What are the causes for Oral Herpes (HSV-1) (Herpes of the Mouth)?

There are two types of herpes simplex viruses (HSV), they are termed HSV-1 and HSV-2. These two viruses have distinctly different DNA, and both cause oral and genital lesions. However, HSV-1 causes about 80% of all oral lesions and only about 20% of genital lesions while HSV-2 causes the reverse (about 80% genital and 20% oral). Studies also suggest that in adolescents, up to 40% of genital herpes is caused by HSV-1 because of reported increased oral/genital contact (transmission by oral sex).Oral herpes (HSV-1) infection (or exposure without noticeable infection) is common. About 65% of the U.S. population has detectable antibodies to HSV-1 by age 40. This article will focus on HSV-1, or oral herpes, not on HSV-2, also commonly known as genital herpes. HSV-2 is considered to be a sexually transmitted disease (STD). In addition, HSV-2 virus should not be confused with human papillomavirus (HPV), the cause of genital warts, and some cervical and other cancer types.
  • HSV-1 affects only humans. Mouth sores most commonly occur in children 1-2 years of age, but they can affect people at any age and any time of the year. Oral inflammation from HSV-1 is also termed herpes gingivostomatitis.
  • People contract HSV-1 by touching infected saliva, mucous membranes, or skin. Because the virus is highly contagious, a majority of the population is infected by at least one herpes subtype of HSV-1 before adulthood.
  • After HSV-1 infects a person, it has a rather unique ability to proceed through three stages.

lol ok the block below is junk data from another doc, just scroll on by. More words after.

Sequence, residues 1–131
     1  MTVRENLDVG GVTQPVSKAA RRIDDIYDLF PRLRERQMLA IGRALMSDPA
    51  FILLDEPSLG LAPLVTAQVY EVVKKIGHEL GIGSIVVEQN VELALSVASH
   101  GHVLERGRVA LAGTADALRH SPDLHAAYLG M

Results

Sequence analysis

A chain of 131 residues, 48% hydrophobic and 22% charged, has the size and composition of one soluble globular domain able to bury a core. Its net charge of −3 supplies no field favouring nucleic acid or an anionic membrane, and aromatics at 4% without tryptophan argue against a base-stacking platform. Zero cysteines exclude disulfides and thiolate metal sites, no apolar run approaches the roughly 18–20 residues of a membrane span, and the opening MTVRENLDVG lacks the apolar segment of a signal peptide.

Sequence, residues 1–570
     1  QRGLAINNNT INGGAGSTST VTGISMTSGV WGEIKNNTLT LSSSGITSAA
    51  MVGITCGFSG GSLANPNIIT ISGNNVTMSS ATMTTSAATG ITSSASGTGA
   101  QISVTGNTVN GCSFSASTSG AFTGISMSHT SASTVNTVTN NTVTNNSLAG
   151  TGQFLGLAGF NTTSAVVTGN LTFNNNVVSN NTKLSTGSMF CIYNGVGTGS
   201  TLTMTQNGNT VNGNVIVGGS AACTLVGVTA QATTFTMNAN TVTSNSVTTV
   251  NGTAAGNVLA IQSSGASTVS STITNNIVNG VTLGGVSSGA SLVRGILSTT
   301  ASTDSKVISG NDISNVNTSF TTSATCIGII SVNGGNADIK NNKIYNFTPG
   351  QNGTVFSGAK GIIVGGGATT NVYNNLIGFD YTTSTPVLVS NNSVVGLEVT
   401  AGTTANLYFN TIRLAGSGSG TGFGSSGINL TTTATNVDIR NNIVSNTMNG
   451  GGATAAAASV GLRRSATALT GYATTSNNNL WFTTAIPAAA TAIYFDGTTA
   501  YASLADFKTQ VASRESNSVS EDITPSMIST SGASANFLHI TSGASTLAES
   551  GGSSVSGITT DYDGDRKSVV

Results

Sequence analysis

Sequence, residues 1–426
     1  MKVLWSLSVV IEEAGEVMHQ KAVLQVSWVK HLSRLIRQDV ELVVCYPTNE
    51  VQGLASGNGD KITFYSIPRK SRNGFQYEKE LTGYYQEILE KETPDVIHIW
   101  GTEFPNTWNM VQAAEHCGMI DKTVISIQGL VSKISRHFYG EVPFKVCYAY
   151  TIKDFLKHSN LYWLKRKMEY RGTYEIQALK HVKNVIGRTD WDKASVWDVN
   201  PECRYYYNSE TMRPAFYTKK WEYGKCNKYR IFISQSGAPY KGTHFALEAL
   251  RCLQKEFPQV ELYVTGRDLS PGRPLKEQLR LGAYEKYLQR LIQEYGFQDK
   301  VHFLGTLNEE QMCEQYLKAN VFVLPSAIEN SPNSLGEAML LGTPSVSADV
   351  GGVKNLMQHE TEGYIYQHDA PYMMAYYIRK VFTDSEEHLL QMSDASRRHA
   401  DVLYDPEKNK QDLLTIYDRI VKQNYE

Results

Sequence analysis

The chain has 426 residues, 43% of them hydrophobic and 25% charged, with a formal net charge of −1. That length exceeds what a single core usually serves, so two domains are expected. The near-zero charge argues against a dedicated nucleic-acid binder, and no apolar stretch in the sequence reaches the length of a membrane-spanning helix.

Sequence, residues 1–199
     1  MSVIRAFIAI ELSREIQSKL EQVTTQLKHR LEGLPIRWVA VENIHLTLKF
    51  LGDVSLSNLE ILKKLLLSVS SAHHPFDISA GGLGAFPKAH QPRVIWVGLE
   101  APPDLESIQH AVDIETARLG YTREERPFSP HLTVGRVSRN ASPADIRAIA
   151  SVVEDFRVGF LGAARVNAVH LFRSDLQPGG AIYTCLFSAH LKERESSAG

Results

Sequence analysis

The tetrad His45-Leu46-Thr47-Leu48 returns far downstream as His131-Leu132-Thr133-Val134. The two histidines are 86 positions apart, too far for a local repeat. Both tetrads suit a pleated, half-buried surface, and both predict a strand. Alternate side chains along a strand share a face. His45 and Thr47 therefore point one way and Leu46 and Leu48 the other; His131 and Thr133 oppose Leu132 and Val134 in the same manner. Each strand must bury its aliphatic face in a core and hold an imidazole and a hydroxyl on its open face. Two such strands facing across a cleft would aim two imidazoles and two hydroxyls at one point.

• Stage 1 -- Primary infection: The virus enters the skin or mucous membrane, usually through small cracks or breaks, and then reproduces. During this stage, oral sores, blisters, and other symptoms, such as fever, may develop.
      • The virus may not cause any sores and symptoms. People may not know that they have an infection. This is called asymptomatic infection.
      • Asymptomatic infection occurs twice as often as the disease with symptoms.
    • Stage 2 -- Latency: From the infected site, the virus moves to a mass of nerve tissue in the spine called the dorsal root ganglion. There the virus reproduces again, usually without any symptoms, and becomes inactive, until reactivated by certain body conditions (see stage 3).
    • Stage 3 -- Recurrence: When people encounter certain stresses (also termed triggers), emotional or physical, the virus may reactivate and cause new sores and symptoms. The following factors may contribute to recurrence: stress, ultraviolet light (including sunshine), fever, fatigue, hormonal changes (for example, menstruation), immune depression, and trauma to a site or a nerve region where previous HSV infection occurred.

    Source: http://www.emedicinehealth.com